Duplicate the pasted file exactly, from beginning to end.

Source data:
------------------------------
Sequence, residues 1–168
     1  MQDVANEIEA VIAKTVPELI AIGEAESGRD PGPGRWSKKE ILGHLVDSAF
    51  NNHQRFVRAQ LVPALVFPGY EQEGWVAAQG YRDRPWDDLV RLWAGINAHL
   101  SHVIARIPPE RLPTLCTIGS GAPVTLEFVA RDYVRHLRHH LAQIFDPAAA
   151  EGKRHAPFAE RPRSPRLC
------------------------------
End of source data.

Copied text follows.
Sequence, residues 1–168
     1  MQDVANEIEA VIAKTVPELI AIGEAESGRD PGPGRWSKKE ILGHLVDSAF
    51  NNHQRFVRAQ LVPALVFPGY EQEGWVAAQG YRDRPWDDLV RLWAGINAHL
   101  SHVIARIPPE RLPTLCTIGS GAPVTLEFVA RDYVRHLRHH LAQIFDPAAA
   151  EGKRHAPFAE RPRSPRLC